Posts Tagged ‘Learning the Craft of writing’

Author, Actor, Director

September 30, 2009

Author, Actor, Director

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Many writers will tell you they see their stories unfold in their head, much like a   movie.

Is that the case with you?

I attended a writer’s workshop recently that discussed using theatrical techniques   when writing your story. It was presented by an actress and author (Leanna Renee Hieber) and was a fun workshop. I came away with better visual ideas for my writing.

The author is not only writer, but also:

  • Cinematographer and as such you’re in charge of the setting, picture, mood, and ambiance of each scene in the story.
  • Director whose job it is to set the staging, pacing, and viewpoint
  • Actor. As an actor you have to delve into the character. What’s the character’s motivation, how should the lines be delivered, how do you use the dialogue to show your character and his/her inten
  • Marketing Director and as such what’s your movie poster quote? The one line pitch or tag line? You’re a brand so how do you present you and your work?

I’ve gotten stuck now and then, while writing. You know when you know something is wrong but you can’t quite figure out what. It’s frustrating. I had a light bulb moment as I was listening to the speaker. Leanna said, never forget your characters. They are what drive the book. If we’re writing, editing, or have gotten stuck ask yourself as the actor:

1444002 What’s my motivation?

How am I going to get what I  want (intention and tactics)?

What’s the conflict? Or what’s keeping me from getting what I want?

What’s my environment and how is it affecting me? This is context.

My light bulb moment was, wow, I could use this for character and dialogue but I could also use this when crafting or editing my scenes especially if I’m stuck. It would help me look at each character within the scene to see if they’re reacting true to their GMC and is the scene being written to the best dramatic advantage.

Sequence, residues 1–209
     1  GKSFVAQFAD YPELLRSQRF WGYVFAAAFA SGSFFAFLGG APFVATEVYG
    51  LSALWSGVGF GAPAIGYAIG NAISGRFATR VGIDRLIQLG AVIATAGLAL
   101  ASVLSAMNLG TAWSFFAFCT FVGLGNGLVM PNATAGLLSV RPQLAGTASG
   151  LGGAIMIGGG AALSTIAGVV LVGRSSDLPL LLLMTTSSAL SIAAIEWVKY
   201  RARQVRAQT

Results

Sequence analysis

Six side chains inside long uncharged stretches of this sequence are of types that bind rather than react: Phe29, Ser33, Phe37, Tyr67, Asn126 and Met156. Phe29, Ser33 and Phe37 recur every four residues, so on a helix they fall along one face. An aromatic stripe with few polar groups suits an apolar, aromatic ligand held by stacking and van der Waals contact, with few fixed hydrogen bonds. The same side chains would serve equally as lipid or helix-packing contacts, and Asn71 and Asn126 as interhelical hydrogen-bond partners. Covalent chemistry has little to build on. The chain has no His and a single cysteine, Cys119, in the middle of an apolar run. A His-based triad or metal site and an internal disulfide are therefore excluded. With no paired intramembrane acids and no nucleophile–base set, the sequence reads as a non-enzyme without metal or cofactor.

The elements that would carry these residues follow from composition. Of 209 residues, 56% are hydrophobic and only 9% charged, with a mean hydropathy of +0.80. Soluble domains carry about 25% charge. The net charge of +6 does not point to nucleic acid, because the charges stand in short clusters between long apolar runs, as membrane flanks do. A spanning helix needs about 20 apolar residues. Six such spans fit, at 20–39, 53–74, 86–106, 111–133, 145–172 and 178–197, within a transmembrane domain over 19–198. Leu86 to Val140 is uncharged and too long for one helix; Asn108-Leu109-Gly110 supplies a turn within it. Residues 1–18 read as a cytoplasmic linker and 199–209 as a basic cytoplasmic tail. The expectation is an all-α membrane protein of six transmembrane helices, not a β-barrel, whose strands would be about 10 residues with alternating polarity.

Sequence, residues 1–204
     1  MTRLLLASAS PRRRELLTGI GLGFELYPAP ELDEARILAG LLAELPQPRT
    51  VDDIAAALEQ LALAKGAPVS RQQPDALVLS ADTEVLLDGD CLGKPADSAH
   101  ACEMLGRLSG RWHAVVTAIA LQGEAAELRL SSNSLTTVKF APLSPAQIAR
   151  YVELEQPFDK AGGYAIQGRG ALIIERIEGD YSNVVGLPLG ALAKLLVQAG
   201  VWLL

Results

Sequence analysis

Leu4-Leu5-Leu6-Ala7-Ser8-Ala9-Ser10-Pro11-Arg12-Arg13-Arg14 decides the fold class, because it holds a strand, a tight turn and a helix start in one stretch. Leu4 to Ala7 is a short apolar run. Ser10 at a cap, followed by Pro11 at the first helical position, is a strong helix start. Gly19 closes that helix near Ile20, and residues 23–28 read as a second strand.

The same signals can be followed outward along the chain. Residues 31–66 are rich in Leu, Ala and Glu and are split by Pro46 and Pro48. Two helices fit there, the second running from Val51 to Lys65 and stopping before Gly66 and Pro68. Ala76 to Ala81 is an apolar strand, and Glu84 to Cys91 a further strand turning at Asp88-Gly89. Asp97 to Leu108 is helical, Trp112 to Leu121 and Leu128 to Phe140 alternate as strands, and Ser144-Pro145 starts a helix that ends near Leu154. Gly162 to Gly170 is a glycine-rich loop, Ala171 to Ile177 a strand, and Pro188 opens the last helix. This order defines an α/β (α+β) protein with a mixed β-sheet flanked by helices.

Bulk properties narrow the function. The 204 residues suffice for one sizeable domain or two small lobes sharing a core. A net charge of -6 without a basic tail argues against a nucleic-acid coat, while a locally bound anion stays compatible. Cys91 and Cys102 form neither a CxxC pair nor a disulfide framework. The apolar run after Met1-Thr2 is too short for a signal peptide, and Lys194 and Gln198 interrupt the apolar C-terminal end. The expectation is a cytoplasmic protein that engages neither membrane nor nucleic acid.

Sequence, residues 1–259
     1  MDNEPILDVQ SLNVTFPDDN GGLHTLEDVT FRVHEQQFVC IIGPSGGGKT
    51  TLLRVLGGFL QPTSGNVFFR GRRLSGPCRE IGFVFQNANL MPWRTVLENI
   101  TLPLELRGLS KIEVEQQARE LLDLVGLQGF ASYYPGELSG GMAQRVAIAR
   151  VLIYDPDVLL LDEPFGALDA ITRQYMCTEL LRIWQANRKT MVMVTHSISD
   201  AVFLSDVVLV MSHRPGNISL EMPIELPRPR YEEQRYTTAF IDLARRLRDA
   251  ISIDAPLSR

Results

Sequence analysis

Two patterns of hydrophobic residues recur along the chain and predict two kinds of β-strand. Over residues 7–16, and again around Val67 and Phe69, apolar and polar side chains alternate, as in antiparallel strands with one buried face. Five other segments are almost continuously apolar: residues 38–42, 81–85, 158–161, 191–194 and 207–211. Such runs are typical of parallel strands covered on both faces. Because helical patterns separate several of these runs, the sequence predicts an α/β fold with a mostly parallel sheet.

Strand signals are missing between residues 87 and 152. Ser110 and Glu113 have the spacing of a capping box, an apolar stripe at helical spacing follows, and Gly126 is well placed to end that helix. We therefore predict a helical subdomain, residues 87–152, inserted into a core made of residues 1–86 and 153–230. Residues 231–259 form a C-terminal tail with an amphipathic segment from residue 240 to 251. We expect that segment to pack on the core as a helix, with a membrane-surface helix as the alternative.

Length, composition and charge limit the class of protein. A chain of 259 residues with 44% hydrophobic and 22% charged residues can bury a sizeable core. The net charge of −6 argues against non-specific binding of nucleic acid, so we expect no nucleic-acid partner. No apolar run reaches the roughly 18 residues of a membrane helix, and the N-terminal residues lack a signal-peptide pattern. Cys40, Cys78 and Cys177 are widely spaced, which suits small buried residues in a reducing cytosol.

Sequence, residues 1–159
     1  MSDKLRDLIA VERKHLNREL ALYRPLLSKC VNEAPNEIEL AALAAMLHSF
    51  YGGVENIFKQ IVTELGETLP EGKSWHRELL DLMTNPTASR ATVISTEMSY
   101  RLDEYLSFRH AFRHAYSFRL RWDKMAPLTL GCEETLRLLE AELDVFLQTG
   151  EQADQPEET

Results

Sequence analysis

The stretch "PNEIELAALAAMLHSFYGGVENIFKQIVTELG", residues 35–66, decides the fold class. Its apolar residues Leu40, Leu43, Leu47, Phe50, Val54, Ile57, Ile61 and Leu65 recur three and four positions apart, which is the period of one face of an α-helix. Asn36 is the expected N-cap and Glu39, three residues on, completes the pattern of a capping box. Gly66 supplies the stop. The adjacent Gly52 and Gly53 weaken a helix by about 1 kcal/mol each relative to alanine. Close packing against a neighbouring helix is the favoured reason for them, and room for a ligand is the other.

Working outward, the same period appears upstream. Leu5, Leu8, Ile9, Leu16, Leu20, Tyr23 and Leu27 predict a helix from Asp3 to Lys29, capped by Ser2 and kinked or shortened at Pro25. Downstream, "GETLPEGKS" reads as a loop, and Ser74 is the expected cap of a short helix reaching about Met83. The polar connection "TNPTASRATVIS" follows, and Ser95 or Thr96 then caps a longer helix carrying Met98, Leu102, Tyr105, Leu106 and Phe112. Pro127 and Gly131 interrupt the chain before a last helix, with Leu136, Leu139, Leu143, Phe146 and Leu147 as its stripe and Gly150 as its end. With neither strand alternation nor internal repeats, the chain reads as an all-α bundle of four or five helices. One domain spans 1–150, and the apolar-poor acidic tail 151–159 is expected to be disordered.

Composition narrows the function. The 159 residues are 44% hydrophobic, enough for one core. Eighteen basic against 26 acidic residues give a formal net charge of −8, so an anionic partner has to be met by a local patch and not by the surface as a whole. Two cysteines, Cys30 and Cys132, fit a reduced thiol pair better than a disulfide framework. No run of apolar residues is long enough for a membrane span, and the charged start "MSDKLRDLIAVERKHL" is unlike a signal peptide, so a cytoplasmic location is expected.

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Do you use any of these techniques when you write or edit?

What are your thoughts on this?

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When I Make It Big…

September 23, 2009

Sia McKye’s Thoughts…OVER COFFEE

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Diana CrowningWeb[1]It’s my pleasure to have Diana Castilleja, author of Aiza Clan Shifter series, as my guest today. Diana writes paranormal, romantic suspense, and erotica as Diana DeRicci.

Diana discusses how writing has evolved over the last decade, as well as some well thought out advice about the writing process, our attitude towards rejections, and knowing the market we’re for which we’re writing…

I’m asked often what my advice would be for new writers just starting out.

There’s the basics:

  • Learn your craft, the skill of writing correctly without losing your innate flair and voice. Remember, the story you write, can only be told by you. Also understand that all the *rules* out there, aren’t in stone. Write the story the way you would want to read it. Only written words can be corrected and improved. A blank page is fodder for the crayon box.
  • Realize rejection, while tough, isn’t personal. It truly, really isn’t. Your story with all its wonderful twists and characters, is one of probably a hundred different story lines the agent, editor or publisher has looked at just that week when they finally reach yours. There’s places all over the web that discuss the most common rejections and why they happen. Everyone gets rejected. It’s part of the business. You’re not failing because you receive rejections. You’re succeeding because you are pushing forward, because you are driving yourself for more. Be proud.
  • Understand the market you’re writing for. Sounds simple enough, huh? Not exactly. Your market is going to change probably close to yearly as your style, voice and talent improve, as new authors arrive on the scene and mold the current reading selections, and favorites inspire whole new worlds. Sometimes the best thing you can do is generalize your story and let the publisher et al decide where to place it. Remember, this is a very fluid industry. Trends change on a nearly quarterly cycle with publishing. Aim for your genre and learn where your writing fits best. It’s not a reason to panic.

 

  • Lastly, glaciers move faster than any facet of the publishing industry. Different methods are faster (ebook/small press) or slower (New York) but it all still takes time. The best way to combat that impatience sitting on your shoulder? Write your next story. You might just discover something new that hadn’t appeared in the previous one. A new tangent, a new skill, a new idea. That’s what makes writing so rewarding, at least for me.

So when I make it big, I can say I knew me when, because I’ve already experienced a lot of this, and know I have a lot more rolling down that hill to smack into me at any given moment. Is that impending trouble enough to make me stop writing? Honestly, no. I have locked up with writer’s block, for a whole year once. I refuse to let that happen again, but I can’t see myself willingly tossing in the towel and never writing a tortured hero or a messed-up heroine again. I’d probably drive my family insane if I did. I’m sure they’d be grateful if I didn’t.

Do you see rejections as failures?
How have you evolved as a writer?

What are your thoughts on this?